Prior to his uncle's departure for Spain in 1386, there's no question that Richard II was deeply suspicious of John of Gaunt, not least because various people were in the habit of telling him that Gaunt had designs on his throne. They were probably both glad to see the back of each other!
The events of 1386-1388 certainly gave Richard cause to think again. When Gaunt returned in late 1389, he was warmly received and over the next few months was appointed to the council, had the palatine powers he enjoyed in Lancashire extended to his heirs, and was made Duke of Aquitaine. To the annoyance of some, King Richard often walked arm-in-arm with his uncle, and on occasions even wore his livery collar of esses - 'as a sign of the complete amity between us,' Richard explained, probably with a smug grin on his face.
Though the Appellants, particularly Gloucester, were brought in from the cold, there is little doubt that he had not forgiven them, and this shows in small ways. Gaunt's heir, Henry Bolingbroke, received very little from the King in the way of offices or appointments, in complete contrast to the lavish appointments rained on Edward, Earl of Rutland, his junior in both precedence and age.
The next few years were relatively free from discord, and even Richard's biggest critics struggle to find fault with his performance, though they generally give the credit to Gaunt and the Queen for their moderating influences. Of course, it was rather difficult for the opposition to make many waves as long as the King and Gaunt stuck together. Gaunt was enormously wealthy - by comparison Warwick the Kingmaker was a pauper - and, as part of his attempt to take over Spain, he had retained vast numbers of the English knighthood and gentry in his service. These factors were eventually to rebound on Richard to some tune, but for the time being, they were his life insurance.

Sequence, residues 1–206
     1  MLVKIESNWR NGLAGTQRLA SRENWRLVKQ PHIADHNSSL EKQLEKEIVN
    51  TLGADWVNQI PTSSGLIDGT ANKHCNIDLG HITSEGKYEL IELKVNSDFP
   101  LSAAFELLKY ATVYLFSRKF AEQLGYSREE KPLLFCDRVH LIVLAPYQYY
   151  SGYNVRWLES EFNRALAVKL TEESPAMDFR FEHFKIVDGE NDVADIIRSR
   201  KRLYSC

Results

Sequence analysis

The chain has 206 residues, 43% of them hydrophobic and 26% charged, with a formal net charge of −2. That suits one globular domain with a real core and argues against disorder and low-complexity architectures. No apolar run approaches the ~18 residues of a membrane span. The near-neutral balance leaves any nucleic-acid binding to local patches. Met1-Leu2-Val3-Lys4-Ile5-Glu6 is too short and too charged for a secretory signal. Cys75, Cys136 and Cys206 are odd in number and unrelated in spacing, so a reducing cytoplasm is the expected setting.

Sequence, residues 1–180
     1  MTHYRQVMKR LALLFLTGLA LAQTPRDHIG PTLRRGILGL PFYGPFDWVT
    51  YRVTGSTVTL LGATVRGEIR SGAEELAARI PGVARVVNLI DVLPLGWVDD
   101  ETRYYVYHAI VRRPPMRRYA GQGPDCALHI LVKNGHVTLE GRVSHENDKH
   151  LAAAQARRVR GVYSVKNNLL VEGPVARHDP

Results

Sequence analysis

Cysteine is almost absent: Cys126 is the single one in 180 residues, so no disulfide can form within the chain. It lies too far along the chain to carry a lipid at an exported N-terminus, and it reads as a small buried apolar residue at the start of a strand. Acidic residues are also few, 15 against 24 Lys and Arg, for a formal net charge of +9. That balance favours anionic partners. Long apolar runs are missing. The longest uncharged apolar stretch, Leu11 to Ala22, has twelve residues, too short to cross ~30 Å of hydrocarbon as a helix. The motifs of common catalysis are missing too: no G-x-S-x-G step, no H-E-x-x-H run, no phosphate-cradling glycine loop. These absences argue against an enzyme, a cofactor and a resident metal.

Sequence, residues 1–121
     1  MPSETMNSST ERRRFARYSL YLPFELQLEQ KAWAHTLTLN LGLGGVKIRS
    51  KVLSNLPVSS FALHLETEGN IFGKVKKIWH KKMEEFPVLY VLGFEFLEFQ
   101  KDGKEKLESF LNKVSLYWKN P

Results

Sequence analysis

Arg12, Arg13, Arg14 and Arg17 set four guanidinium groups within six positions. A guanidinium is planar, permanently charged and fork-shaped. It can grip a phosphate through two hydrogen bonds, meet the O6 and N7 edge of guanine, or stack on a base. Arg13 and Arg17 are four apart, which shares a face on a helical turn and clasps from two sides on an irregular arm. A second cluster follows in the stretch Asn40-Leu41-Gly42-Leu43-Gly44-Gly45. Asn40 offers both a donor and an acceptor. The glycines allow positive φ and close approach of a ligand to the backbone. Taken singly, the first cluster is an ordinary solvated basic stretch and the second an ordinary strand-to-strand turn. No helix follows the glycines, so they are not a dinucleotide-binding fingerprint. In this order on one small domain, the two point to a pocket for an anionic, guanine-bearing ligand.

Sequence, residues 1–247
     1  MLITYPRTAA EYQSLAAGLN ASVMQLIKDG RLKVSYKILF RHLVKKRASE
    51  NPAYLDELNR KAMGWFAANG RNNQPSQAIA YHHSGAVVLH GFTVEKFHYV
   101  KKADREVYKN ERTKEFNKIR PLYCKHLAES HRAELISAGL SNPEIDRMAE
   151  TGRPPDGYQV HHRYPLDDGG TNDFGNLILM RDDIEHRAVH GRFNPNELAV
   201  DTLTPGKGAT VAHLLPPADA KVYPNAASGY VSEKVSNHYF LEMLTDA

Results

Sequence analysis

As an aside, some of you may enjoy reading this review of Alison Weir's book on Katherine Swynford which comments on the private side of Gaunt's life.
Also there's another royal geneology site here for anyone still struggling with who is who. It's very comprehensive.